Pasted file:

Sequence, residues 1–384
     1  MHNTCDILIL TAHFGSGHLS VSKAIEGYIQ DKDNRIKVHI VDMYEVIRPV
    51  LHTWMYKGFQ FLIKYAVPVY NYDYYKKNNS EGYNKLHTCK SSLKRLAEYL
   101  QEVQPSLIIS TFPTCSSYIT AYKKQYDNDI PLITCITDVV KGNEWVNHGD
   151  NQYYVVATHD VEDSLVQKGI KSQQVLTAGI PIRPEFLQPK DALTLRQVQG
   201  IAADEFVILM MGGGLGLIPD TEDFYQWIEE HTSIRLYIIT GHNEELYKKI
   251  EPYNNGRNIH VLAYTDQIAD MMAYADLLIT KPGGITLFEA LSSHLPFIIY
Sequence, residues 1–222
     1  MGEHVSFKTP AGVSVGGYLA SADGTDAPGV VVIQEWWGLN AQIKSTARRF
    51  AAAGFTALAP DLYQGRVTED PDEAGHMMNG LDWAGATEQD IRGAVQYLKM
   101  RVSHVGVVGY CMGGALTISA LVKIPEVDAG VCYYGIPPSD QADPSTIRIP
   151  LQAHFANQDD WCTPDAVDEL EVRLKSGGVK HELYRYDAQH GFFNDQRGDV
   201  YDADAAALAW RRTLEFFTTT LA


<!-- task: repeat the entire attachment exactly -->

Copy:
Sequence, residues 1–384
     1  MHNTCDILIL TAHFGSGHLS VSKAIEGYIQ DKDNRIKVHI VDMYEVIRPV
    51  LHTWMYKGFQ FLIKYAVPVY NYDYYKKNNS EGYNKLHTCK SSLKRLAEYL
   101  QEVQPSLIIS TFPTCSSYIT AYKKQYDNDI PLITCITDVV KGNEWVNHGD
   151  NQYYVVATHD VEDSLVQKGI KSQQVLTAGI PIRPEFLQPK DALTLRQVQG
   201  IAADEFVILM MGGGLGLIPD TEDFYQWIEE HTSIRLYIIT GHNEELYKKI
   251  EPYNNGRNIH VLAYTDQIAD MMAYADLLIT KPGGITLFEA LSSHLPFIIY
Sequence, residues 1–222
     1  MGEHVSFKTP AGVSVGGYLA SADGTDAPGV VVIQEWWGLN AQIKSTARRF
    51  AAAGFTALAP DLYQGRVTED PDEAGHMMNG LDWAGATEQD IRGAVQYLKM
   101  RVSHVGVVGY CMGGALTISA LVKIPEVDAG VCYYGIPPSD QADPSTIRIP
   151  LQAHFANQDD WCTPDAVDEL EVRLKSGGVK HELYRYDAQH GFFNDQRGDV
   201  YDADAAALAW RRTLEFFTTT LA